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Archive - Tag: Daphne Havercroft

June 16, 2010

An Open Letter to the Bristol Histopathology Inquiry
Filed under: Bristol Pathology Inquiry — Tags: , — Dr. Phil @ 11:50 am

Daphne Havercroft, an experienced Patient Advocate,  has written an open letter to the inquiry that encapsulates all the concerns of those who fear we’re heading for a whitewash.  

Dear Miss Mishcon,

Bristol Histopathology Inquiry – Open Letter

I write concerning the 26 alleged cases of misdiagnosis that UHB (University Hospitals Bristol NHS Foundation Trust) arranged to be externally reviewed. They cover four specialist areas:- respiratory, gynaecological, breast and skin.

 From UHB and NBT (North Bristol NHS Trust) Freedom of Information Act responses, I understand the following:

  1. NBT identified the 26 cases following histopathology case review, with little involvement of the clinicians who raised the allegations.
  2.  The patients affected (if still alive) and/or their families, appear not to have been informed that their case is part of the Inquiry and invited to give evidence to the Panel, as demonstrated by the Jane Hopes case reported in the Sunday Telegraph 11th April 2010.
  3. UHB’s laboratory staff extracted slides to send to Medical Solutions, a company with a financial relationship to UHB, for review by pathologists whose names are secret.
  4. Pathologists who raised the concerns were not asked to verify that the slides, reports, existing external opinions and any other material that UHB sent for review are the ones that are the subject of the allegations.
  5. There appear to be no formal plans to communicate the findings of the external review to pathologists who raised the concerns and those whose work is the subject of the concerns, to allow them to comment on the findings.
  6.  UHB’s Acting Chief Executive has confirmed that, of the 26 cases, there were “2 cases of misdiagnosis leading to patient harm where the Trust admitted liability and a settlement was reached”. He does not say whether the settlement included a “gagging” clause that prevents the families from meeting the Panel.
  7. The 26 cases may be the tip of the iceberg. UHB’s apparent reluctance to investigate this  indicates that fear of litigation overrides exposure of the facts. The 26 cases are a small sample of the caseload in the four areas of concern. If an audit of just these subspecialities was performed, covering all years for which allegations have been raised, the error rate may be higher than the 1-2% claimed as a “normal” error rate by the Trust.
  8. The 3,500 random audit of cases or specimens (it has never been made clear which),   commissioned by UHB for 2007, includes large specialities for which no concerns have been expressed. As well as causing anxiety to pathologists in those specialities, the audit is likely to mask the extent of any serious errors made in the specialities of concern.

The public wants to know whether or not serious, avoidable misdiagnoses have occurred, which have harmed or could harm patients; not whether UHB’s Histopathology Department had an overall error rate of less than 2% for 2007.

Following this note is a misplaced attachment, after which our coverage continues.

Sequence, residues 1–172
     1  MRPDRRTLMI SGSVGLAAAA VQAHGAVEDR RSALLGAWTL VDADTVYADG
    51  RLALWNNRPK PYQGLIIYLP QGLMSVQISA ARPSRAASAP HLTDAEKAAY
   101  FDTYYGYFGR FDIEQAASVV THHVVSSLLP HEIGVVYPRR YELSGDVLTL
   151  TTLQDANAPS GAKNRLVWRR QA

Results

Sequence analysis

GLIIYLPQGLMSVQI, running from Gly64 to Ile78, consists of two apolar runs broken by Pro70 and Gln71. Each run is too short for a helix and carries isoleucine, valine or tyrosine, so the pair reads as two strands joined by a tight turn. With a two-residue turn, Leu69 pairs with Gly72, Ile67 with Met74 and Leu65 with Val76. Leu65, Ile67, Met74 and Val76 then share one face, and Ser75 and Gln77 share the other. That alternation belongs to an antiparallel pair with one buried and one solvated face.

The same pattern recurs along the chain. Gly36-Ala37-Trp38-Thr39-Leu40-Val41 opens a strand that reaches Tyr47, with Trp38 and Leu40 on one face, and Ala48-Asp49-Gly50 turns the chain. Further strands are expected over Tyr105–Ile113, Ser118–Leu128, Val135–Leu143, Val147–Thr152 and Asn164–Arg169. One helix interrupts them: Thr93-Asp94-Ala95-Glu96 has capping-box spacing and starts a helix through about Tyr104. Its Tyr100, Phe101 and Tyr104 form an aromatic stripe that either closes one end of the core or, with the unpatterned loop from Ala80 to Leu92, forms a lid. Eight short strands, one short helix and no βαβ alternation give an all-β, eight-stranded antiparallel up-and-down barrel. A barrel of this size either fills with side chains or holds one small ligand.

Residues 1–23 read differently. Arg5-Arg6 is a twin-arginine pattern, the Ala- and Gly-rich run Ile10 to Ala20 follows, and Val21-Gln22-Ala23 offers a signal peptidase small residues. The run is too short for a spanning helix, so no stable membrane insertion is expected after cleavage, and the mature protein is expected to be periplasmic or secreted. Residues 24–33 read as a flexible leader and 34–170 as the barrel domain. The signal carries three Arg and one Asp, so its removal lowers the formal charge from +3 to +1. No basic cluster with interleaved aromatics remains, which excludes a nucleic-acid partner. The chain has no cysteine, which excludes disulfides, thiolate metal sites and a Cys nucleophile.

The public wants the truth about the extent to which the concerns were dealt with in an open, honest and constructive manner. Or have no lessons been learned from the Bristol Heart Inquiry?

All histopathologists make some mistakes. However UHB has admitted that two of the 26 cases involved patient harm. We want to know whether other avoidable mistakes have been made that harmed patients, or had the potential to do so if not spotted and corrected by colleagues in other Trusts.

We want to understand whether histopathologists working in the areas of concern have been performing to standards that are expected of their position as specialist pathologists in a tertiary referral centre and whether all have been participating in EQA (External Quality Assurance) schemes for the subspecialities of breast, respiratory, gynaecological pathology and dermatopathology.

The secretive conduct of the review of 26 cases does not inspire confidence that these questions will be answered.

Public confidence will be further undermined if the Panel is not seen to acknowledge this and demonstrate its independence now by insisting on full transparency in the investigation of the 26 cases.

Adverse public and press reaction is inevitable when the organisation against whose staff the allegations have been made, selects the evidence for investigation without any input from those who made the allegations, pays for its existing contractor to handle the evidence and engages and pays for a Panel to provide assurance that all is well.

 I am confident that the Panel has the opportunity to exert its independence by ensuring full transparency in uncovering and publicly reporting the facts about the 26 cases as an urgent prerequisite for developing the consistent high quality, safe pathology services that Bristol desperately needs.

 The issue is whether the Panel has the will to seize this opportunity.

 I hope that this letter is helpful to you and your colleagues on the Panel in clarifying the expectations of patients and members of the public.

 Daphne Havercroft

 Patient Advocate

 14th June 2010

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